MyWritingLab with Pearson eText -- Standalone Access Card -- for The DK Handbook

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Overview

ALERT: Before you purchase, check with your instructor or review your course syllabus to ensure that you select the correct ISBN. Several versions of Pearson's MyLab & Mastering products exist for each title, including customized versions for individual schools, and registrations are not transferable. In addition, you may need a CourseID, provided by your instructor, to register for and use Pearson's MyLab & Mastering products.

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Transforming expectations for textbooks, The DK Handbook presents information in newly accessible, scientifically tested, and student-friendly ways.

Never before seen in the handbook market, The DK Handbook’s design is a true marriage of visual and textual content, in which each topic is presented in self-contained, two-page spreads for at-a-glance referencing. Explanations are concise and “chunked” to be more approachable and appealing for today’s readers, and accompanying visuals truly teach — making concepts and processes visible to students. The ground-breaking layout creates a consistent look and feel that helps students connect with the material, find information, and recognize solutions to writing problems they often don’t have names for.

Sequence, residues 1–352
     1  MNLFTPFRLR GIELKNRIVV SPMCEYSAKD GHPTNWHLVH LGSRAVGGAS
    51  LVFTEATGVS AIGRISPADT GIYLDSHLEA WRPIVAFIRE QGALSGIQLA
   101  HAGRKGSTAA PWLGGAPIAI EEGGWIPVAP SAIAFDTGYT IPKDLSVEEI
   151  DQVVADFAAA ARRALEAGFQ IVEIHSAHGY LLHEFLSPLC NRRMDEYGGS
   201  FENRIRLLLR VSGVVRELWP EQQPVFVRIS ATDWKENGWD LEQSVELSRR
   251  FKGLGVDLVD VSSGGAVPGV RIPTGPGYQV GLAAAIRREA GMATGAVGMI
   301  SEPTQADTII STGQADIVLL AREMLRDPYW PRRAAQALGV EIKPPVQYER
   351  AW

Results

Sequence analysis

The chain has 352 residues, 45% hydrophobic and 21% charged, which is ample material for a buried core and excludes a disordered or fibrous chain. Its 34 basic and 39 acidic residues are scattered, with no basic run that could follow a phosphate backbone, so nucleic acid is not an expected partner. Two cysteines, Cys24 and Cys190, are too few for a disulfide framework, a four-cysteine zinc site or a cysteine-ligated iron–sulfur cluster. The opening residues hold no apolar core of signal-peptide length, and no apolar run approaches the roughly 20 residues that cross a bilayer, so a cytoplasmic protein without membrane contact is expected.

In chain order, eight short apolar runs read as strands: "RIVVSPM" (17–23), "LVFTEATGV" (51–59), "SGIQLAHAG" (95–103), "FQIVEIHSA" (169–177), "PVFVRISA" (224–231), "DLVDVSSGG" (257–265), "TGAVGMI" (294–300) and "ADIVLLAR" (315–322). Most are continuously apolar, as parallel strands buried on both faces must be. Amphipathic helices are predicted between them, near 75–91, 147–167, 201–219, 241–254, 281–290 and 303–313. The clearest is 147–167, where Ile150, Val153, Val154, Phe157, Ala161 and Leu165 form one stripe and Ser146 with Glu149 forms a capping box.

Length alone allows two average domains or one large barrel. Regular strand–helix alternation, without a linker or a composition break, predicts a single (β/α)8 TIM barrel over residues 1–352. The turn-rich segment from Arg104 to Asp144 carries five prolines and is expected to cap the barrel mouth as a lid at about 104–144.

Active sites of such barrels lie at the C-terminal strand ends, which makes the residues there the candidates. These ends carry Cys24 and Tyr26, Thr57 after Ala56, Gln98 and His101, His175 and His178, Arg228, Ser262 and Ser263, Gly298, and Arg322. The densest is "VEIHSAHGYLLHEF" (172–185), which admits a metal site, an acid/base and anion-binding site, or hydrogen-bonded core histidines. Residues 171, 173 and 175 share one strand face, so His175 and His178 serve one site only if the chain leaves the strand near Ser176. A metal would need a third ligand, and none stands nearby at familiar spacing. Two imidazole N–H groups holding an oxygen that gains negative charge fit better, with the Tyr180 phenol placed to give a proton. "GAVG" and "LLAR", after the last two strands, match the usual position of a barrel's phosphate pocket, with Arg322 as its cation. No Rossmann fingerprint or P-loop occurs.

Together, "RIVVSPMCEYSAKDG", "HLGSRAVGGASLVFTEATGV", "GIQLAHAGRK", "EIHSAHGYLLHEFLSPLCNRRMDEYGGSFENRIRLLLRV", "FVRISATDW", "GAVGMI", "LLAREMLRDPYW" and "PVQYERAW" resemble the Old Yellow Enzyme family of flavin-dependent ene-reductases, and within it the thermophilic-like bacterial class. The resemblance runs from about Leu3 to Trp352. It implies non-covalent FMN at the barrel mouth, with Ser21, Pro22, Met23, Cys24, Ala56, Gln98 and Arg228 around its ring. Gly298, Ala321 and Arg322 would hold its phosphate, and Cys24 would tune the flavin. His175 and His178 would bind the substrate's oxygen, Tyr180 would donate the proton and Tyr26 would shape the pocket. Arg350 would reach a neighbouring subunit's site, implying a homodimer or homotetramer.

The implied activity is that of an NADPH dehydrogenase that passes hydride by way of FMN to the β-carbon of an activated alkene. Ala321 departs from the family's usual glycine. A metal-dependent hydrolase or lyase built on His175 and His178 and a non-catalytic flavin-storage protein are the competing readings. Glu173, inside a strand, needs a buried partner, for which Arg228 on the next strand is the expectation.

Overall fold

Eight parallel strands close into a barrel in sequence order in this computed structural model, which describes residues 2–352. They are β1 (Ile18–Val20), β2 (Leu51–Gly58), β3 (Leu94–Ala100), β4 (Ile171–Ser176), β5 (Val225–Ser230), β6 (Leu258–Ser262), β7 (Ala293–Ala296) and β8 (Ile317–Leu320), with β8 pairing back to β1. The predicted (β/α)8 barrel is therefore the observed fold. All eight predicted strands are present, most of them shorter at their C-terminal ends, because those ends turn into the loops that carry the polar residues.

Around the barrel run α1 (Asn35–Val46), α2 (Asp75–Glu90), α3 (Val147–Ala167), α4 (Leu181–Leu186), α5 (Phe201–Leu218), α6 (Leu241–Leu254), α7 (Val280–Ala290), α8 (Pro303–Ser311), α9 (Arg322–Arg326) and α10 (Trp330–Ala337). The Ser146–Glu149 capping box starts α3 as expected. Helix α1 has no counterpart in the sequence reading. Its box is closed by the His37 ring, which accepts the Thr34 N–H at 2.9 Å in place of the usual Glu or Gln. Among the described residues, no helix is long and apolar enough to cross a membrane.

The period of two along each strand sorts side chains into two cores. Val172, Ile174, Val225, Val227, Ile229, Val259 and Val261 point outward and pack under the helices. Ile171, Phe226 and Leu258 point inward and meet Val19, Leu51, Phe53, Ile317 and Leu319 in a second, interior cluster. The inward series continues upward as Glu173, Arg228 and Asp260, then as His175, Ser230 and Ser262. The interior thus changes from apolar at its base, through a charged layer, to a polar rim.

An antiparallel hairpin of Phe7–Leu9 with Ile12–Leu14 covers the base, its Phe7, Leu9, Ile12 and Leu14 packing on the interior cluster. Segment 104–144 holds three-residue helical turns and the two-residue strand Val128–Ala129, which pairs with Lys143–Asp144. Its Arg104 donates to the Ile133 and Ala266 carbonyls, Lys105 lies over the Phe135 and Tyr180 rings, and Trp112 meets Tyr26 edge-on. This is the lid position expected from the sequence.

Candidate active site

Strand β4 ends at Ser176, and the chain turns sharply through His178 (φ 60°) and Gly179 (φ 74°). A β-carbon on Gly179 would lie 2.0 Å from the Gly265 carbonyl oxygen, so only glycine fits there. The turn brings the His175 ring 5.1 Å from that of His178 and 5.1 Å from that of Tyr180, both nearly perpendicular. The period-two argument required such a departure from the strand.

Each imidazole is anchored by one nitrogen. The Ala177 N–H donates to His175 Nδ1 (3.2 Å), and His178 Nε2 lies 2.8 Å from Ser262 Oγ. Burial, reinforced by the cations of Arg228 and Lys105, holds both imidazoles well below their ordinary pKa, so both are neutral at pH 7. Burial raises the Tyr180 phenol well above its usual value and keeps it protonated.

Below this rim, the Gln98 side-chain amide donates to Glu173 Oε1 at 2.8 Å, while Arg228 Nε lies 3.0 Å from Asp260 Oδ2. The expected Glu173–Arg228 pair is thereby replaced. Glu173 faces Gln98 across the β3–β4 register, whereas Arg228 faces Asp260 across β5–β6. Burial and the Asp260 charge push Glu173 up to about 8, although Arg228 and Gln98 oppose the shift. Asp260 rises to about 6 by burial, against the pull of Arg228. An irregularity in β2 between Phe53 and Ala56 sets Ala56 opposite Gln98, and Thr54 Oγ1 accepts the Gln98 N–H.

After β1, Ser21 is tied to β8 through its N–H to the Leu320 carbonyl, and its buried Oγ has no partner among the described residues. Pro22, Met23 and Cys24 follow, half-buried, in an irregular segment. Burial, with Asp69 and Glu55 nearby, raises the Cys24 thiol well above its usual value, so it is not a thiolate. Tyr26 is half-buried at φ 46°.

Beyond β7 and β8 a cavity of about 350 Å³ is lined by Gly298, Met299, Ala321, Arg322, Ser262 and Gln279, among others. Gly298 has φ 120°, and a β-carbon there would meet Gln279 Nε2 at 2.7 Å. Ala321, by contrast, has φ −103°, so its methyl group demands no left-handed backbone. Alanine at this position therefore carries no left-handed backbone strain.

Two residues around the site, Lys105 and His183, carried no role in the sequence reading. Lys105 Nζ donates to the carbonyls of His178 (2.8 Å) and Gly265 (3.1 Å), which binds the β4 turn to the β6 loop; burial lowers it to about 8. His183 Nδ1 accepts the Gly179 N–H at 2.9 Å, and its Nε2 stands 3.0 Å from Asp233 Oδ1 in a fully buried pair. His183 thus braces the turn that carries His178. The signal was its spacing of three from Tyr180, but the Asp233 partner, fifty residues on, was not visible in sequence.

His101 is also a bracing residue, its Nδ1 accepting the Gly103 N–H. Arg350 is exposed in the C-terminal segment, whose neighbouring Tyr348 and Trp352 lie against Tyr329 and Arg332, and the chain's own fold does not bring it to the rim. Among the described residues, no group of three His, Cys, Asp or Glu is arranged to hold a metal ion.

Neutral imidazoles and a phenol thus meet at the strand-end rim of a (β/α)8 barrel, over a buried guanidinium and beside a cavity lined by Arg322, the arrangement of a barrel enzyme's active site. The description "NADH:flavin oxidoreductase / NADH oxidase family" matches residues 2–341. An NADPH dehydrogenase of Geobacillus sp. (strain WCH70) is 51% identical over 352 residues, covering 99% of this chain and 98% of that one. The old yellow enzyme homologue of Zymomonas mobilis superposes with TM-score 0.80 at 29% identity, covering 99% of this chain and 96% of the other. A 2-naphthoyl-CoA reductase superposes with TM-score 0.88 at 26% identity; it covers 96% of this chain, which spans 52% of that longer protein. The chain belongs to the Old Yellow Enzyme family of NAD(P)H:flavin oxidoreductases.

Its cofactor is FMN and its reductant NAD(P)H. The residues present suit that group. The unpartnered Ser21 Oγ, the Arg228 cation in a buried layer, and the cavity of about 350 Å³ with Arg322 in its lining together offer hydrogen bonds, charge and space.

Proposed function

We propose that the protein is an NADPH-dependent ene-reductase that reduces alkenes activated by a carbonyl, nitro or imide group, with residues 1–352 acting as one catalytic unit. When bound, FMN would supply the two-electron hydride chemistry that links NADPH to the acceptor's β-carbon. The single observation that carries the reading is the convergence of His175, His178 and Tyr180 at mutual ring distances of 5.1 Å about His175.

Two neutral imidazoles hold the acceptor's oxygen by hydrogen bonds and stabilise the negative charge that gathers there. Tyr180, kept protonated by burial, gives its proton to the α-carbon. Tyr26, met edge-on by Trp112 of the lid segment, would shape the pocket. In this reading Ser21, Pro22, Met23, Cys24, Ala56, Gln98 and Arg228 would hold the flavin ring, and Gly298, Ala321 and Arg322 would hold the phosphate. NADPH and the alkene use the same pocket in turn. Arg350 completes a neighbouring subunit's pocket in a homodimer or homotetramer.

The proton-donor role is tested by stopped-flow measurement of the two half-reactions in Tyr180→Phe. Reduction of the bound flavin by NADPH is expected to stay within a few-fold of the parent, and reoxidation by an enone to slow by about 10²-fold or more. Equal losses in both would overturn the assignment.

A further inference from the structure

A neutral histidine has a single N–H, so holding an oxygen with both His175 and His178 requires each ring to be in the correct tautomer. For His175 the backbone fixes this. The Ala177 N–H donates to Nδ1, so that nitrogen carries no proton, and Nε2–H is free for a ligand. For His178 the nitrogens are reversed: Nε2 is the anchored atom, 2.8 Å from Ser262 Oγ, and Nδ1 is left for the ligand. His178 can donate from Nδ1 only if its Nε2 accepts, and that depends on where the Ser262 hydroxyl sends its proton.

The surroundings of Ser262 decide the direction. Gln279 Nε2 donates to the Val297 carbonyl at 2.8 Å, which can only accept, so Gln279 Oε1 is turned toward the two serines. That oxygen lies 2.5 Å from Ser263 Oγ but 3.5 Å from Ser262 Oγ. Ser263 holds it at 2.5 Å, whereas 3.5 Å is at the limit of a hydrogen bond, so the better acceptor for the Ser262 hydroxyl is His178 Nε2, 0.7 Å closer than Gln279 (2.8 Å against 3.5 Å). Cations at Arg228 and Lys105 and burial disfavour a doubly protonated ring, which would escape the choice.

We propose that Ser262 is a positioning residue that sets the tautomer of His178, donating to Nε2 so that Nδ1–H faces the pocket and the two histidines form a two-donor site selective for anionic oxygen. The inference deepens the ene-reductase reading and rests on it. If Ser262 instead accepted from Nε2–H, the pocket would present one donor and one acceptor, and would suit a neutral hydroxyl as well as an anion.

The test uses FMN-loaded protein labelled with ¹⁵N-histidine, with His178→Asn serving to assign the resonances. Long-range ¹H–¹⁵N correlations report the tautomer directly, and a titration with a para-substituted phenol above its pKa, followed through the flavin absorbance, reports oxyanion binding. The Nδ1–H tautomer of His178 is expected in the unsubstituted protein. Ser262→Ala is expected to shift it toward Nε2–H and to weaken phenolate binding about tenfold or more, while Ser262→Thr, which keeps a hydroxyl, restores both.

0321887069 / 9780321887061 The DK Handbook Plus NEW MyCompLab with eText -- Access Card Package

Package consists of:

0205863795 / 9780205863792 DK Handbook, The

0205870147 / 9780205870141 NEW MyWritingLab with Pearson eText -- Valuepack Access Card

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Product Details

  • ISBN-13: 9780321959010
  • Publisher: Longman
  • Publication date: 7/15/2014
  • Edition description: Student
  • Edition number: 3
  • Pages: 688
  • Product dimensions: 6.00 (w) x 9.00 (h) x 0.20 (d)

Table of Contents

Part 1 A Process for Composing

What is composing?

What is rhetoric?

Purpose

Audience

Context

Strategies

Rhetoric and a process for composing

Understanding your project or assignment

Responding to a written assignment

Sample research paper assignment

Understanding other projects

Part 2 Finding Ideas

Composing to learn and composing to communicate

A research process

Getting started with research

Sample research schedule

Finding a topic

Narrowing a general topic